1. cGMP-stimulated reductions in cAMP via PDE2 activation

Amino acid sequence comparisons suggest that the putative allosteric cGMP-binding domain present in PDE2 (cGMP-stimulated) isozymes is structurally distinct from the more closely related domains identified in cGMP protein kinase and cGMP-gated ion channels [74, 126]. This fact provides an explanation for the observed failure of some analogs to mimic the effects of cGMP in intact cell experiments. Despite the substantial increases in cGMP seen in adrenal glomerulosa cells in response to ANP, the failure of several groups to mimic ANP's inhibitory effect on aldoster-one biosynthesis using 8-bromo-cGMP, a known activator of cGMP kinase, prompted the suggestion that ANP's action in these cells was not mediated by cGMP. The observation that glomerulosa cells contain high concentrations of a cGMP-stimulated (PDE2) isozyme suggested an alternative mechanism, however, in which the cGMP signal would attenuate aldosterone biosynthesis through reductions in cAMP resulting from PDE2 activation. 8-bromo-cGMP is, in fact, a poor activator of PDE2, and as a result would not be expected to mimic the cGMP signal in such a pathway. Evidence in support of a PDE2-mediated mechanism of cGMP action in glomerulosa cells was obtained using cAMP-derivatives which displayed differential rates of hydrolysis in in vitro assays using immunopurified PDE2 obtained from these cells. A strong correlation between the degree to which the stimulatory effect of a given analog on aldosterone biosynthesis could be inhibited by ANP, and its relative susceptibility to hydrolysis by PDE2 was shown [93].

The differences in specificity seen for the cGMP binding sites in PDE2 and cGMP kinase should, it follows, allow for the design of analogs which selectively activate PDE2. One commercially-available analog, caged cGMP (1-[2 nitrophenylethyl]-cGMP), was shown to produce partial activation of immunopurified PDE2, and was able to mimic the inhibitory effect of ANP on aldosterone biosynthesis in isolated primary adrenal cells [94]. Interestingly, this compound is marketed as an “inactive” cGMP analog which, when exposed to ultraviolet light, yields cGMP. Such a description clearly presumes a role for cGMP kinase in mediating cGMP action.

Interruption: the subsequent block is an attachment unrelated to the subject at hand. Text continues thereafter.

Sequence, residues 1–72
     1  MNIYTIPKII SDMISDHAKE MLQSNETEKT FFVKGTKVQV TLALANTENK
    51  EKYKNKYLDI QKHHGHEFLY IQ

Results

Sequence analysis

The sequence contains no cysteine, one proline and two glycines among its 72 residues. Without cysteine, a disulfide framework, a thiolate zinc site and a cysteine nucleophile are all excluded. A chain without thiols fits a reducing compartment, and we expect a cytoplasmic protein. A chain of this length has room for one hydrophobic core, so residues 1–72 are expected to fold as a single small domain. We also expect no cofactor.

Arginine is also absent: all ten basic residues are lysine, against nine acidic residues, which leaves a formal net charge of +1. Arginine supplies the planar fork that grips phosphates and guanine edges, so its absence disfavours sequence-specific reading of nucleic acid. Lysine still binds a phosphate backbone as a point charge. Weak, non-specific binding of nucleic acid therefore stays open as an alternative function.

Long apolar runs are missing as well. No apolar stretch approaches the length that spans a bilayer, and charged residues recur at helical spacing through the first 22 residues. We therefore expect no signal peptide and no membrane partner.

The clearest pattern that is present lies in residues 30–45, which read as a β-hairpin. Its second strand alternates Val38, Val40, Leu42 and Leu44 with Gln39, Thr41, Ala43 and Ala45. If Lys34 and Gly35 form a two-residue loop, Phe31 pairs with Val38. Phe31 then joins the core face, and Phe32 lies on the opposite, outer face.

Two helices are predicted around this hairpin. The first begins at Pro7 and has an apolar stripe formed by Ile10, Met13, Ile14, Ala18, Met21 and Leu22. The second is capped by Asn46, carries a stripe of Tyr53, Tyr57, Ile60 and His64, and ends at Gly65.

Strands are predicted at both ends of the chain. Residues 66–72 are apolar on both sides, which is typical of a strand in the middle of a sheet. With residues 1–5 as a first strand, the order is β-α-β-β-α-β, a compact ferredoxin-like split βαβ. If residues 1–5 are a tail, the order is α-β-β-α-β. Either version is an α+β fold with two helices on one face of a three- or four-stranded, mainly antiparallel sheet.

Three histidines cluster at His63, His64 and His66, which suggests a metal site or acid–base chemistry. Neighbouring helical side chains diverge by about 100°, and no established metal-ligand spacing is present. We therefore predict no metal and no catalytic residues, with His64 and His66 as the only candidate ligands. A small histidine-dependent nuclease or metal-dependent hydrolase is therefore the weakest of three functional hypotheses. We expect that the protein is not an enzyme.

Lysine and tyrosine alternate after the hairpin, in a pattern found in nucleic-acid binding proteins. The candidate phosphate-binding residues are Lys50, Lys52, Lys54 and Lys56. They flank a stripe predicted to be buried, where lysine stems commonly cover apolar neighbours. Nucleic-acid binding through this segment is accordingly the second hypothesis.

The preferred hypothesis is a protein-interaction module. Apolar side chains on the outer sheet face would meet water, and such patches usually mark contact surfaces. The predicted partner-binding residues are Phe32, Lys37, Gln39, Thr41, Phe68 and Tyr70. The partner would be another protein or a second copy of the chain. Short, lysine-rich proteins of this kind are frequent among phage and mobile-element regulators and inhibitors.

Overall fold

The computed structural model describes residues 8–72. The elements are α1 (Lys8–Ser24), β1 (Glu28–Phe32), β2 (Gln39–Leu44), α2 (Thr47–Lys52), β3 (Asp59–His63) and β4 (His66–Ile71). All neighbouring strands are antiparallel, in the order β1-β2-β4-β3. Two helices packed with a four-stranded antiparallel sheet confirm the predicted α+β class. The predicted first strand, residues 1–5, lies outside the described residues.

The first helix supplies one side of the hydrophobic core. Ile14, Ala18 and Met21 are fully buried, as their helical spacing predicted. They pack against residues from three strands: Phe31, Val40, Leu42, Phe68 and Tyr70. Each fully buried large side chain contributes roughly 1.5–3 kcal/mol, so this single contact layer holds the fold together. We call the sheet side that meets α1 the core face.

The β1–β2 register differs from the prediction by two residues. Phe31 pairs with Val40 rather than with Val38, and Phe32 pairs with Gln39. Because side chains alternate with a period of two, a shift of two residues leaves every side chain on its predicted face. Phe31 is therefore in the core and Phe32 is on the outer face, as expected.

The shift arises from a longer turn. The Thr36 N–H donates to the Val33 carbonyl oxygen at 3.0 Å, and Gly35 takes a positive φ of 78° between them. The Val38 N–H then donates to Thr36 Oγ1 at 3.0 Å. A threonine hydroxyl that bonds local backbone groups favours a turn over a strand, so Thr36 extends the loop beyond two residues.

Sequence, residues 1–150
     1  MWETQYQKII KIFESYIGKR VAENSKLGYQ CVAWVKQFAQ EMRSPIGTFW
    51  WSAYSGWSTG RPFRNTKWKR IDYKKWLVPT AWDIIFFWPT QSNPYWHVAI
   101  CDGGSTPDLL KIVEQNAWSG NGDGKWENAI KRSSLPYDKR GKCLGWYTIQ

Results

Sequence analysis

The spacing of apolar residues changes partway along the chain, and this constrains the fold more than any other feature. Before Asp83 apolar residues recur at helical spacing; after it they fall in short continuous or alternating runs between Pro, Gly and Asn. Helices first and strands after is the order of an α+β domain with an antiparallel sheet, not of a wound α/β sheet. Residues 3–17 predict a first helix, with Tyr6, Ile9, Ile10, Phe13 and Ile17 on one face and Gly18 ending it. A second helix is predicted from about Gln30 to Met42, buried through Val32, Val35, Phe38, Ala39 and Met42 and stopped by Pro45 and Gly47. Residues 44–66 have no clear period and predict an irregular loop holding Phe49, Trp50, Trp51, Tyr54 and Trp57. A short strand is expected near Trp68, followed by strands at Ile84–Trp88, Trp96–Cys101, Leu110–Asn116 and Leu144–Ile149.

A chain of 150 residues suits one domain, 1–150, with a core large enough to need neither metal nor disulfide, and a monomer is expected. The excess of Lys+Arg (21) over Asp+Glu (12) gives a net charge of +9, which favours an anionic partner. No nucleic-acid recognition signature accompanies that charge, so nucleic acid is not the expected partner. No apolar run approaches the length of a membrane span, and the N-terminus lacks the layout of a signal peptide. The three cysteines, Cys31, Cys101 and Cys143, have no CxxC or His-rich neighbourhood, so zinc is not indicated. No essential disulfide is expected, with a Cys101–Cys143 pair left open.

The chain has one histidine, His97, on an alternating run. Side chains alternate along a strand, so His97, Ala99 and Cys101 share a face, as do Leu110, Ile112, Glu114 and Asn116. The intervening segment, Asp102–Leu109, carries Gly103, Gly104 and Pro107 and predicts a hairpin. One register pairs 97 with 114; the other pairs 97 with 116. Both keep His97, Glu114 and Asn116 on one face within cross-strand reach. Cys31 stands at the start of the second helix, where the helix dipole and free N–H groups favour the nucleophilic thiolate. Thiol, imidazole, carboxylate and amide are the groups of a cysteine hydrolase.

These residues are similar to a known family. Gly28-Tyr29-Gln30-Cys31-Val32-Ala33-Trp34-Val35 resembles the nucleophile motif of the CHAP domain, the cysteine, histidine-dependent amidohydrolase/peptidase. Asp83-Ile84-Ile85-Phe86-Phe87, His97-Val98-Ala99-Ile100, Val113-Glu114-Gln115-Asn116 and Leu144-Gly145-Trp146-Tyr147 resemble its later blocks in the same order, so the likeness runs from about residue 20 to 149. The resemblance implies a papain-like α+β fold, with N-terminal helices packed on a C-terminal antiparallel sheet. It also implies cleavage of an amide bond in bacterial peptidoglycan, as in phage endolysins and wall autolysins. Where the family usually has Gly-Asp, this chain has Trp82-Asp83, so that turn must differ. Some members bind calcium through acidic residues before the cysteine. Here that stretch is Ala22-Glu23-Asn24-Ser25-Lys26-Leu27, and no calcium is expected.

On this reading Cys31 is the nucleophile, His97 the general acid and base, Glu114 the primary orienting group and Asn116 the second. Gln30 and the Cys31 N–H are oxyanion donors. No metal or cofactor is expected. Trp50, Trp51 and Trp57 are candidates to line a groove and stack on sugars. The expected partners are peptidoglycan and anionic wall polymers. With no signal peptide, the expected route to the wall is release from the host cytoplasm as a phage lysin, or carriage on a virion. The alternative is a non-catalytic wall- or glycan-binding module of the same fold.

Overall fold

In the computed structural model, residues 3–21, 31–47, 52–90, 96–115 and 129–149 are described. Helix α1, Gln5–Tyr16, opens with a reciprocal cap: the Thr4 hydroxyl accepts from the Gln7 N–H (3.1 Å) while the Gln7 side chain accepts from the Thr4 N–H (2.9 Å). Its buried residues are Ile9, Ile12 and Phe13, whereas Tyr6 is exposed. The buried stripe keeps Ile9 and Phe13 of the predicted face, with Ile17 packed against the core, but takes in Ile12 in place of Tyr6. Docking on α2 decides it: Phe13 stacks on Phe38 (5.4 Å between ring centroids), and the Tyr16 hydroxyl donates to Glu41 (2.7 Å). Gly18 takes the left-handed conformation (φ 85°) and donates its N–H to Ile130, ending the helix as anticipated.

2. Multiple cGMP-regulated PDE forms in a single cell type

ANP-mediated increases in cGMP linked to reductions in cAMP have also been demonstrated in PC12 cells as well as cardiac myocytes [89, 147]. The latter provides an interesting example of how multiple cGMP-regulated PDE isozymes may act in a coordinate fashion and in concert with other cGMP target proteins within a single tissue or cell type. The opposing effects of cAMP and cGMP on the inotropic response of the heart have been well documented, and are believed to converge at the level of the L-type calcium current, which correlates well with cardiac contractility [89]. In cardiac myocytes, elevations in cAMP in response to a number of hormones including β-adrenergic agonists, histamine, and glucagon, produce an inotropic response through phosphorylation of the L-type calcium channel or a closely associated regulatory protein, leading to an increased mean probability of channel opening and elevations in ICa2+. Cyclic AMP also elicits a positive chronotropic response, through a novel phosphorylation-independent activation of sino-atrial node pacemaker cells [38].

In the heart, the negative inotropic effects of cGMP may occur through three possible intracellular targets. Cardiomyocytes from various species have been shown to contain both cGMP-stimulated (PDE2) and cGMP-inhibited (PDE3) phosphodiesterase isozymes, as well as cGMP kinase. Data obtained from patch-clamp experiments with isolated cells obtained from several species indicate a role for each of these three cGMP target proteins in transduction of the cGMP signal, with surprising differences in their relative contributions noted between species [44, 63, 84, 97, 105, 140]. In frog heart, elevations in cGMP produced by agents such as acetylcholine, adenosine, or ANP are believed to antagonize cAMP-stimulated inotropic responses via activation of cGMP-stimulated (PDE2) activity and resulting decreases in cAMP, through a mechanism analagous to that described for the inhibition of aldosterone biosynthesis by ANP in adrenal glomerulosa cells. Evidence for this pathway includes results showing that increases in ICa2+ in response to intracellular perfusion of non-hydrolyzable cAMP analogs were not antagonized by hormone effectors, and that 8-bromo-cGMP, a potent activator of cGMP kinase, had no effect on ICa2+ [44, 63]. A previously known adenosine deaminase inhibitor, EHNA (erythro-9-[2-hydroxy-3-nonyl]-adenine) has recently been identified as a selective inhibitor of PDE2. When perfused into isolated frog ventricular myocytes, EHNA antagonized the effects of cGMP on ICa2+ [8].